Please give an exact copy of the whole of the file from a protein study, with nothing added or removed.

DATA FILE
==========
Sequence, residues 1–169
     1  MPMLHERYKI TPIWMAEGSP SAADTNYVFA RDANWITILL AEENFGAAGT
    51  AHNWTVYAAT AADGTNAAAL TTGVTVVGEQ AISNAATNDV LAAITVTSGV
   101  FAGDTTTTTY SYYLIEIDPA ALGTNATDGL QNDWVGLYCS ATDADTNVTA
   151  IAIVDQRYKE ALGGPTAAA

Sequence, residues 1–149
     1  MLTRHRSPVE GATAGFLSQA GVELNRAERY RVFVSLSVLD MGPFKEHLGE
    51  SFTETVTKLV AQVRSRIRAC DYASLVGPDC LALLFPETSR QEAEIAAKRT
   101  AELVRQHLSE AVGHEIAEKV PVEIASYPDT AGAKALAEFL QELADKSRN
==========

Sequence, residues 1–169
     1  MPMLHERYKI TPIWMAEGSP SAADTNYVFA RDANWITILL AEENFGAAGT
    51  AHNWTVYAAT AADGTNAAAL TTGVTVVGEQ AISNAATNDV LAAITVTSGV
   101  FAGDTTTTTY SYYLIEIDPA ALGTNATDGL QNDWVGLYCS ATDADTNVTA
   151  IAIVDQRYKE ALGGPTAAA

Sequence, residues 1–149
     1  MLTRHRSPVE GATAGFLSQA GVELNRAERY RVFVSLSVLD MGPFKEHLGE
    51  SFTETVTKLV AQVRSRIRAC DYASLVGPDC LALLFPETSR QEAEIAAKRT
   101  AELVRQHLSE AVGHEIAEKV PVEIASYPDT AGAKALAEFL QELADKSRN